Nowhere in England avoids the loss of young men during the First World War and the village of Shallowford is no exception. Many never return and the lives of those who do are changed forever.
Paul Craddock must rebuild the estate and the bonds broken between those who belong there. It is a time of huge social change and there are peacetime challenges as hard to surmount as those of war. And before they are met, Germany once again threatens the stability of Europe.
I’d advise listening to Book 1 of this trilogy before the present book as there are so many characters populating this second volume whose back-stories started in the earlier book. Book 2 continues to follow the life of Paul Craddock in his chosen life in Devon and the narrative re-starts just before the start of the First World War.
The first half of the present book is over-shadowed by the FIrst World War and the sad loss of people that I felt I’d come to know. The sombre tone lifts in the second half with numerous marriages and births and life getting back on an even keel. Dark clouds return with the slump at the end of the 1920s and then later the signs that there may be another war. This second volume ends in 1941 and I’ll certainly be downloading the final part as I’ve become drawn into the lives of the characters and want to know what happens to them.
I enjoyed this long book that takes one back into what life must have been like for people in a rural area in the early to mid 20th century and how world events impinged on their lives.
The only things that I found irritating about the narrative were the numerous and too long, sugary episodes describing Paul and his wife Clare’s sex life and the author’s frequent and self-indulgent, lascivious delight in describing Clare’s body!
The narrator’s ability overt accents and different voices made the book more of a drama than a mere reading.
3 of 3 people found this review helpful
Delderfield's story reels you in to a different era, and you can't help but enjoy the continuation. Although some of the much-loved characters from the first in the series of course are no longer with us, many remain with new characters coming along too.
1 of 1 people found this review helpful
I listened to this book straight after the first and with some trepidation in case it was not as good but I needn't have worried. Delderfield had woven such an intricate picture of the valley and it's inhabitants that starting this new book was like slipping back in to a much loved home.
The story focuses slightly less on the Craddock family than it did before and more on their tenants, friends and neighbours than before before, during and after the war years. The Craddock's are the ribbon that flows through it all and keeps everything anchored together.
In a country where the losses of World War One were terribly apparent to all communities they are magnified in the rural villages where the men leaving for war almost brings the agricultural businesses to a standstill and what has been clawed back from derelict farms and moor during the last book is in danger of being lost.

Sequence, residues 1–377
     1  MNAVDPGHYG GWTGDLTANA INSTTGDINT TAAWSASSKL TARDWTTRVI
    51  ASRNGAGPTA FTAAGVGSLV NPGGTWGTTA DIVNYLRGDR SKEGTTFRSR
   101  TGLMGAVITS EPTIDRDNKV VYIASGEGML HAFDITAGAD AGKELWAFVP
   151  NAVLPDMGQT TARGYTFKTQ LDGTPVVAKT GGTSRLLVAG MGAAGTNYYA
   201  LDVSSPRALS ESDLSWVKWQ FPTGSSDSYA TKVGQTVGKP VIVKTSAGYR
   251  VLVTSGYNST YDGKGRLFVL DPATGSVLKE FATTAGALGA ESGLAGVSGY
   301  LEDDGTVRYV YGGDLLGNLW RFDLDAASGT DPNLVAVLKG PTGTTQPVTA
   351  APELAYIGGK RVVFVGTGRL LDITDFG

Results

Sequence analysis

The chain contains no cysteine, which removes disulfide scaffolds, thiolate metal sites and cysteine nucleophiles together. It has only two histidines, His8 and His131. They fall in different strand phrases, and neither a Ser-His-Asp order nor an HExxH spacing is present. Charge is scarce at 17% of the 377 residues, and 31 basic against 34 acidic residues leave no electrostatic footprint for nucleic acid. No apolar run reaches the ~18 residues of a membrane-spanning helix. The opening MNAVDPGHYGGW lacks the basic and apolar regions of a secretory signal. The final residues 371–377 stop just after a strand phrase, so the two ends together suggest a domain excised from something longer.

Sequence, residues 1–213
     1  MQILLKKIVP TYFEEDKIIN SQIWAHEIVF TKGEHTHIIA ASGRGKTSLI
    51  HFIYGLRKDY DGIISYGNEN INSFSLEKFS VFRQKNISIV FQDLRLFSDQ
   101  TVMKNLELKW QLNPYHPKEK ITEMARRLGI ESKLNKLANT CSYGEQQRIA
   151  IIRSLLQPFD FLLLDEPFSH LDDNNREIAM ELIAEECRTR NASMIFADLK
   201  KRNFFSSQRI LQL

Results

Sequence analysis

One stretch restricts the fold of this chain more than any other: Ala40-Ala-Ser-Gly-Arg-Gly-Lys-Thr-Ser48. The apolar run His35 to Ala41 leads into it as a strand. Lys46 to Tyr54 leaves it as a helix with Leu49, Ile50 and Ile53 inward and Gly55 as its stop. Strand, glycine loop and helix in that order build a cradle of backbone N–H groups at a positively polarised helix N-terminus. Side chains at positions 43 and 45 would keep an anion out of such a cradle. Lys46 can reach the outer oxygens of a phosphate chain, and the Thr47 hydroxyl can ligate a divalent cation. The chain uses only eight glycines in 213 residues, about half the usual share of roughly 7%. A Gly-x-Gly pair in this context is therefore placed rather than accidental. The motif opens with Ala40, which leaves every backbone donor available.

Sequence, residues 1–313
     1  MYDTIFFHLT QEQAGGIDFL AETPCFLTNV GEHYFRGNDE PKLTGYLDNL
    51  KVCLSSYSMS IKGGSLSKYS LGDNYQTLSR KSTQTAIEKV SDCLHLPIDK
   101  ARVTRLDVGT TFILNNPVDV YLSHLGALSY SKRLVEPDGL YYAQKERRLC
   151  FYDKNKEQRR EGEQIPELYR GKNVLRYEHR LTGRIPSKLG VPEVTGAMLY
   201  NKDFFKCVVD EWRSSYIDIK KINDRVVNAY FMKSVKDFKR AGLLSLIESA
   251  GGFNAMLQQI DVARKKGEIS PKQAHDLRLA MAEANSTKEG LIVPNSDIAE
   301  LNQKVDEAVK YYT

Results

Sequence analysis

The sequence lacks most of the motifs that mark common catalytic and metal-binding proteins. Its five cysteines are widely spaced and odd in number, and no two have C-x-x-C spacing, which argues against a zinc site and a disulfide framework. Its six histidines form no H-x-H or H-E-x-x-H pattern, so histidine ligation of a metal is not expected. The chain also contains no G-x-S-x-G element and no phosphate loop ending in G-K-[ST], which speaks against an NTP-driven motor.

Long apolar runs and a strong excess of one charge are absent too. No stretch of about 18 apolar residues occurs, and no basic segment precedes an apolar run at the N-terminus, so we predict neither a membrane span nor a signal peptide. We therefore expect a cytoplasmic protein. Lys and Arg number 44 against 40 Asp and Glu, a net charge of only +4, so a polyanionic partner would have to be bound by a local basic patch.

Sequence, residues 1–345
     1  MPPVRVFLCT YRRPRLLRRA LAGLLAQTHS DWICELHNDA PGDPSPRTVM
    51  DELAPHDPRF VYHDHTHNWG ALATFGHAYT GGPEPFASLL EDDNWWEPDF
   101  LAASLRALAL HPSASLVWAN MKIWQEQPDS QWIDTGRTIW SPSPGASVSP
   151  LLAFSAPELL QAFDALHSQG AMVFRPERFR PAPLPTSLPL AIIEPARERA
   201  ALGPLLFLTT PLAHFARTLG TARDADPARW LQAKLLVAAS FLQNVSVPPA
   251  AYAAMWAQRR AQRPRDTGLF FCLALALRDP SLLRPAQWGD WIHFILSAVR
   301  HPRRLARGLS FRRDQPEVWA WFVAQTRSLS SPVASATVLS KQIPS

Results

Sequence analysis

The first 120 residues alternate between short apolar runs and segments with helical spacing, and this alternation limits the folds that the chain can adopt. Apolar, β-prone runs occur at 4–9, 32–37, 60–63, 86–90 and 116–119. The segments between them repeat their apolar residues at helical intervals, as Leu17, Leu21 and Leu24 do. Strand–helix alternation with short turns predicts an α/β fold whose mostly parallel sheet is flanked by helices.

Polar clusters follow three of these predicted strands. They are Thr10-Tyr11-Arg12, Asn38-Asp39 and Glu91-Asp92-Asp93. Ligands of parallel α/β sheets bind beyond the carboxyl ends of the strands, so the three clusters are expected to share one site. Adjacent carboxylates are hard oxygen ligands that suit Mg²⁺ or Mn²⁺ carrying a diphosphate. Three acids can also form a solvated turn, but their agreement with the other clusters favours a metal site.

The account of the war years are personal, raw and heartbreaking. The characters by now feel like friends and are so well written that you cannot help but feel a deep fondness and on occasion love for them all.
Each character evolves and changes, Delderfield is brilliant at expressing the passage of time and adjusting to the era without it looking forced or jerky.
Absolutely loved this book and highly recommend.
There is a difference between authors writing about times they have lived through and those treating it as a historical exercise. The pieces on WW1 and the agricultural depression are excellent. The loss of so many lovable characters is trying but an accurate reflection of the blood letting. Would have loved more on the 1920s and feel somewhat cheated. Thankfully there is humour and you are left feeling optimistic for the remaining characters as they prepare for WW2.
Am I the only person to be put in mind of the radio soap The Archers set a hundred years ago? There are the long passages where nothing much seems to happen interspersed with occasional melodramatic episodes - a plane crash, a young woman giving birth in a cave etc. There is a cast of comic rustic characters - ably portrayed by Jonathan Oliver, references to events of the day, a central character whose first wife Grace meets a tragic end, and a fair amount of squirm-inducing sex among the middle-aged - I didn't mind too much but it might be off-putting for the young. I had listened to the first book in this trilogy without realising there was more to come, and I plan to get the third volume, but feel in need of something a little racier - a good thriller perhaps - before I return to the Sorrel Valley.
Any additional comments?
I read R F Delderfield as a young woman and had forgotten how much I loved the writing in these books. What a wonderful return with a brilliant just perfect reading. Listened through this book in one weekend. If you like family sagas you will love these books. Just make sure you listen to both of them.
1 of 2 people found this review helpful